Responsible wildlife tourism in Mexico

Nearly a fifth of Mexico’s native species are in trouble, giving it one of the largest numbers of endangered animals of any country in the world. Much of this threat is attributed to logging and farming, but the tourism industry also plays its part. Accelerated urbanisation around the Yucatan and California peninsulas has led to poor waste management, with sewage and plastics ending up in marine environments.

Currently, the Gulf of Mexico has one of the highest concentrations of microplastics in the world and Holbox island’s tourists bring in an estimated 326 tonnes of rubbish per month. The continual arrival of cruise ships to Cozumel, Mexico’s number one cruise destination, is resulting in widespread coral damage. Even well-meaning tourists have had a heavy hand in wildlife welfare, with irresponsible tours causing animals distress by allowing visitors to get too close to the wildlife.

Politics, surprisingly, also plays a role. Nature knows no borders and, while wildlife like the monarch butterfly can currently count on a tri-national North American agreement to help protect its natural environments, the ever-looming threat of Trump’s wall could pose serious problems to all animals that rely on cross-border migration.

Don’t worry: here are things you can do to help as a visitor. Read on to find out how to travel responsibly in Mexico.

What is being done

Biosphere reserves and national parks are Mexico’s main means of combatting the encroachment of urban development and saving its endangered wildlife. These cover just 13 percent of its land, targeting specific species or habitats that are in need of conservation, such as the overwintering sites of the monarch butterfly. In total, almost 57,000 hectares of forest have now been secured as a protected biosphere for overwintering monarchs, and 23 percent of Mexico’s marine area is under protection.

What you can do

Choose local guides

When it comes to booking a vacation, choose a tour operator that assists the environmental agencies and conservation groups working to protect these habitats, and which supports the community by hiring guides from the area and using locally owned hotels and restaurants during the tour. This benefits travelers, who can take advantage of their guide’s expertise, but also provides job opportunities for the local people who see more value in conserving the butterfly sites that tourists come to see. By choosing a responsible wildlife tour, and by giving more thought to our actions, we can help make wildlife tourism in Mexico more sustainable.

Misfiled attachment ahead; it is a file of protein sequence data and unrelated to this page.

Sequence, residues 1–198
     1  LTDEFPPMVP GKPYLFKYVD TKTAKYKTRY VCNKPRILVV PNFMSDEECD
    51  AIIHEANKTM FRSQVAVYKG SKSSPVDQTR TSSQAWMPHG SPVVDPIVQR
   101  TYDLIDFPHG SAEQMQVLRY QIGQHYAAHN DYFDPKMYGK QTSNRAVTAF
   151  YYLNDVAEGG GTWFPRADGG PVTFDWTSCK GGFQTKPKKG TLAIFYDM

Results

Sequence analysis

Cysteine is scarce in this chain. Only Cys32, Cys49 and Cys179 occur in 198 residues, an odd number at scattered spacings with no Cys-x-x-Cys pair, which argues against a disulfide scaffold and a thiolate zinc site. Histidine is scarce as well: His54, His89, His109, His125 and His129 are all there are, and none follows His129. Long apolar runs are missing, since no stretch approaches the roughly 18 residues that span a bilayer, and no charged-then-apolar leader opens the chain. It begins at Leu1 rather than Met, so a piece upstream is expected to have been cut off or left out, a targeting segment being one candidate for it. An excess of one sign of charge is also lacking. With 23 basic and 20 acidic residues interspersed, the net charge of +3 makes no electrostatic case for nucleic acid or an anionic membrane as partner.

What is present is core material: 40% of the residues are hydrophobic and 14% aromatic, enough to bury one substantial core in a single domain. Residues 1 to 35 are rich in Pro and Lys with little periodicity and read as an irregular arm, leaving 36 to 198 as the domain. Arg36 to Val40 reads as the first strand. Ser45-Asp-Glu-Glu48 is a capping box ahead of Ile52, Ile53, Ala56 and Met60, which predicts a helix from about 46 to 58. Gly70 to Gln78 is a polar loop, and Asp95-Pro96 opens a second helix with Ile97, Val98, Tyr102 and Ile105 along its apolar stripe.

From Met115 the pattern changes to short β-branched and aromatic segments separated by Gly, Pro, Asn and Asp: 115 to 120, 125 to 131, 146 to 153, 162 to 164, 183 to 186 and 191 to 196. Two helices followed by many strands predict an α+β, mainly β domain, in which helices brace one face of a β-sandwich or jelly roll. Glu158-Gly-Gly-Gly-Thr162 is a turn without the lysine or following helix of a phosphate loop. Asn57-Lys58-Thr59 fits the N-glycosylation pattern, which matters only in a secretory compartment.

Sail on small ship cruises

There are many benefits to choosing a small ship cruise over a big cruise ship, particularly when it comes to wildlife cruises. Small, remote coves and beaches that would otherwise be inaccessible to larger boats can be easily explored, providing more opportunities to get closer to the wildlife that lives there. Smaller groups are less intrusive, causing a smaller disturbance to whales and sea lions, while also minimising the impact on the environment, such as the fragile coral reefs below.

Look, don’t touch

In most cases, tours should avoid feeding, touching or getting too close to the local wildlife. The only exception is grey whales, as there is currently no evidence to suggest that touching them causes any harm. However, tours should always keep visitor numbers low and encounters should be initiated by the whales. It’s an incredible experience when a mother introduces her enormous calf to a boat of onlookers, and much more enjoyable than a crowded sea of boats trying to get a closer look.

When booking a turtle conservation vacation in Mexico, check how the work will benefit the turtle population in the area. Don’t be afraid to ask you tour operator questions. Avoid tours that take visitors to sanctuaries where turtles are kept in tanks and only visit turtle hatcheries that follow best practices for wildlife handling.

Leave no trace

While some Mexican cities have already voted to introduce a ban on a range of single use plastic items, including straws and bags, plastics are still not widely recycled in Mexico. They’re hugely damaging to marine life, which becomes entangled in it or confuses it for food. Where possible, avoid single use plastic during your stay and refill a reusable bottle with filtered water provided by your tour operator (do not drink water from the tap), or buy water in large containers.

What not to buy

It might be tempting to bring home mementos from an exciting trip but, when it comes to wildlife, photos and memories are best. While some products, such as ivory, are known to be harmful, there are plenty of other souvenirs on sale that are putting wildlife at risk. Mexico has strict rules on the export of its native animals and plants, such as cacti and orchids, which may be rare.

It’s important to question where an item has come from, particularly leather – has it been made from the skin of an endangered animal? Avoid jewellery made from any kind of colourful feathers and don’t buy anything labelled ‘tortoiseshell’, as it can be hard to tell products made from real tortoiseshell from plastic imitations. Similarly, dried coral and seashells might be on sale in local markets, but they are unlikely to be sourced sustainably.
Written by Bryony Cottam
Photo credits: [Page banner: ryan harvey] [Local conservation: USFWS Midwest Region] [Plastic pollution: Jessie Sgouros]
Convert currencies